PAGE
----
Ho, Everyone Who Thirsts – January 20, 2013
Isaiah 55:1-1, John 2:1-11
January 20, 2013
I have always loved this passage from Isaiah. It’s one of the my favorite writings in this section of his book which tells about the future restoration of Israel. And it is one of my favorite choir anthems!
The future restoration of Israel was very important to the people to which this was written. They had gone through a lot! I sometimes like to think of ancient Israel as being like a deli. (I guess it would have to be a Jewish deli, right?) For the last 800 years or so before Christ, there was what seemed like a whole series of countries waiting in line to conquer them. It was like there was somebody pulling that chain in a deli that changed the numbers. “Ok who’s next? Who’s next to conquer Israel?”
For the first half of the book of Isaiah, it was the Assyrians. They had conquered the northern kingdom, the one actually named Israel, and they’d left the southern kingdom called Judah living fearfully next door. The city of Jerusalem was in Judah The latter half of the book, which many scholars feel was written after the time of Isaiah, (perhaps by a Second Isaiah) describes time of the next conquering empire – the Babylonians. You remember them! Their exile was one of the most traumatic times in Jewish History. Our reading from chapter 55 falls in that time.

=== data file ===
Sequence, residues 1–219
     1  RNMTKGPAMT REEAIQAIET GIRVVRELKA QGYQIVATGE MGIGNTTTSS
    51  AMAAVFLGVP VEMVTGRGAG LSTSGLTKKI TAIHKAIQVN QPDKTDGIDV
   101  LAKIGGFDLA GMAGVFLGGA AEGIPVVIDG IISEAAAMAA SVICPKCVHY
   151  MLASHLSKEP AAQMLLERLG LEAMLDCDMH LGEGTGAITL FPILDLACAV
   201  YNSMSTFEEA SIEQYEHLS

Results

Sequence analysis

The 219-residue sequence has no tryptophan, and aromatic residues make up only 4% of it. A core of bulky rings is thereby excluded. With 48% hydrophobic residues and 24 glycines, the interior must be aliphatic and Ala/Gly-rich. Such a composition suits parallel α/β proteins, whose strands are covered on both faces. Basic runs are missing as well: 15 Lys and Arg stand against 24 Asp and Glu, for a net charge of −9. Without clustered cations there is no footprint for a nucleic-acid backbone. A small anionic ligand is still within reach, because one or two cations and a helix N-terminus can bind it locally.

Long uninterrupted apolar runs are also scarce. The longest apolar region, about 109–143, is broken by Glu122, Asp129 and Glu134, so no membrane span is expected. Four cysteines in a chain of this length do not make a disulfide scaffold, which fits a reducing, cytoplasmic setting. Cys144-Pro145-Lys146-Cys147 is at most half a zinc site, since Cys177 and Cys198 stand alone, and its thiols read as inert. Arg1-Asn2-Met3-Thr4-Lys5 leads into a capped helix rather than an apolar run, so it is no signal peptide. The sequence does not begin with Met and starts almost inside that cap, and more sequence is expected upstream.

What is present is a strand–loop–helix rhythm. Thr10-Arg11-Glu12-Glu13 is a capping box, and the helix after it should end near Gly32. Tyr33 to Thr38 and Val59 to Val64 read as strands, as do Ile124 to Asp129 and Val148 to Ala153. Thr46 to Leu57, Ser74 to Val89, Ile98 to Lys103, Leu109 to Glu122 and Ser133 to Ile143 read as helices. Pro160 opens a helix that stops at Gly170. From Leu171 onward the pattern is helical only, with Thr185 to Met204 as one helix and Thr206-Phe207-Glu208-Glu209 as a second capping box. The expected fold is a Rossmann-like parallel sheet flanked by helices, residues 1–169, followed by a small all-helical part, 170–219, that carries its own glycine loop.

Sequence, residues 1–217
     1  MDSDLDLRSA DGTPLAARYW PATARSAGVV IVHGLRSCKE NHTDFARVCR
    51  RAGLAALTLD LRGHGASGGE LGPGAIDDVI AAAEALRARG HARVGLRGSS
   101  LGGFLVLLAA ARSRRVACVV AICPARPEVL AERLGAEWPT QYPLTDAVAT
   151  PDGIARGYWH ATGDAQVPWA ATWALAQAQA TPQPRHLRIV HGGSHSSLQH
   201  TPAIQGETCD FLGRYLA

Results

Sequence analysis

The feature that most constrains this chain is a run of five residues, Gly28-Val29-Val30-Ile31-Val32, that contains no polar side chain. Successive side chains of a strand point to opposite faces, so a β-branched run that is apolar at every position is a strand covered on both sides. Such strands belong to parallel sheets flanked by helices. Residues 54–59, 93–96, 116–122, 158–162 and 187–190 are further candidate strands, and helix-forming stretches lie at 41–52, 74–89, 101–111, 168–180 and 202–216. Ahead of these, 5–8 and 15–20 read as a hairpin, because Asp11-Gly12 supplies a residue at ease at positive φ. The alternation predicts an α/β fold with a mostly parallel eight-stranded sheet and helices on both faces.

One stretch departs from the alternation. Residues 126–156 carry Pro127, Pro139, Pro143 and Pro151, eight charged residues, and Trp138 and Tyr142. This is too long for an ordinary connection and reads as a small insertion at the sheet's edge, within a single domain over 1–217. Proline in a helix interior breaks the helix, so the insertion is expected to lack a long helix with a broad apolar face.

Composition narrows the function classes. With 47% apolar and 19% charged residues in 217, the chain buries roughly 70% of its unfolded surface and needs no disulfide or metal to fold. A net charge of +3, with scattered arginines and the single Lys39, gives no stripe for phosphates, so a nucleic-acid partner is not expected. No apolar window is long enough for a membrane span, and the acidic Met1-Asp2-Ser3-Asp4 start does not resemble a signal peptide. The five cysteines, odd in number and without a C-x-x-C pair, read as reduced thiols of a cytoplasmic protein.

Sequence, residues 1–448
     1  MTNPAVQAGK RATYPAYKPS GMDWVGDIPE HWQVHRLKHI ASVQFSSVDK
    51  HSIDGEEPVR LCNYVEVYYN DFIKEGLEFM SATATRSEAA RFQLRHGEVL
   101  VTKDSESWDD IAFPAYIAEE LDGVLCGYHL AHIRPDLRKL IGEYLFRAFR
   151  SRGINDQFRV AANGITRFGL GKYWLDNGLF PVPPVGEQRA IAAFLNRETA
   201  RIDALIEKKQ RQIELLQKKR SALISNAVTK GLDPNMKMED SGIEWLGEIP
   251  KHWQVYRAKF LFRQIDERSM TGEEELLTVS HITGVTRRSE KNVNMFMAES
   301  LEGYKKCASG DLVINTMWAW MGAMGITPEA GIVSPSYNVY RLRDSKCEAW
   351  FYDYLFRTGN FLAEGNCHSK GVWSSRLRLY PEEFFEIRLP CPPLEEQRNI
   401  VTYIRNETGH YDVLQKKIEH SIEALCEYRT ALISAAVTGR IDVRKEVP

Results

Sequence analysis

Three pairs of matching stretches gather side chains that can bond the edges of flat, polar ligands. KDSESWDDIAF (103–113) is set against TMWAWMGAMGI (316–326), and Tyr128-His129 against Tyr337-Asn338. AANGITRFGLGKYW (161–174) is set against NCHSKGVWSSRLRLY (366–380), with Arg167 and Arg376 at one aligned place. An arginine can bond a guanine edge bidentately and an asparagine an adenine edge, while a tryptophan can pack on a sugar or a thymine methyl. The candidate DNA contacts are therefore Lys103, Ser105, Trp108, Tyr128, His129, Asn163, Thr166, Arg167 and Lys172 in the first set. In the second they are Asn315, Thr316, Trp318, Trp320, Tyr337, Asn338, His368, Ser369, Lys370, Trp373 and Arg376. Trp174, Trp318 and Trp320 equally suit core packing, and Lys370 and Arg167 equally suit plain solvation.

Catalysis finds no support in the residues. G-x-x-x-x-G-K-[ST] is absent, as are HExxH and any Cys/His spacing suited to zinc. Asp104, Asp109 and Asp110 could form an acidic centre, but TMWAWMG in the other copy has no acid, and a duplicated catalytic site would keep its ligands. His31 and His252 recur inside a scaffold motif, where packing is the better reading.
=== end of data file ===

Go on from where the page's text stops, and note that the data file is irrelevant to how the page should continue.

But that wasn’t the end. There were many people in that deli! The Persians, under King Cyrus, would conquer the Babylonians, He would allow the exiles to return to their country. But they were still under Persian domination. After that, Persia lost big time in a war with a new power arising in Greece, under a man named (anybody?) Alexander. After Alexander died and his empire crumbled, Egypt took over. They ruled until they were defeated by the Syrians. (Not to be confused with the Assyrians!)
So, do you see what I mean? By the way, there’ll be a quiz next period, so be sure to study! Whoever scores the highest will get to clap the erasers! Remember that? You’d see little kids standing in the middle of a huge cloud of dust! It’s a wonder we all didn’t get “white lung disease!”
Anyway, Israel won their freedom from Syria under a man I’ve mentioned before, Judas Maccabees. I’ve mentioned him during Palm Sunday, because he’s the one who came riding into Jerusalem in triumph, while the people waved palm branches and shouted “Hosanna, blessed his he who comes in the name of the Lord!” Sound familiar?
So, Isaiah’s words about the restoration of Israel were very important to the people! And this chapter, I think contains the greatest of those words. To the people under the Babylonian occupation, he said, “Ho, everyone who thirsts, come to the waters. And you who have no money, come and eat. Harken diligently to me, and eat what is good. Seek ye the Lord while he may be found.” And seriously, I can’t read those words without hearing the music!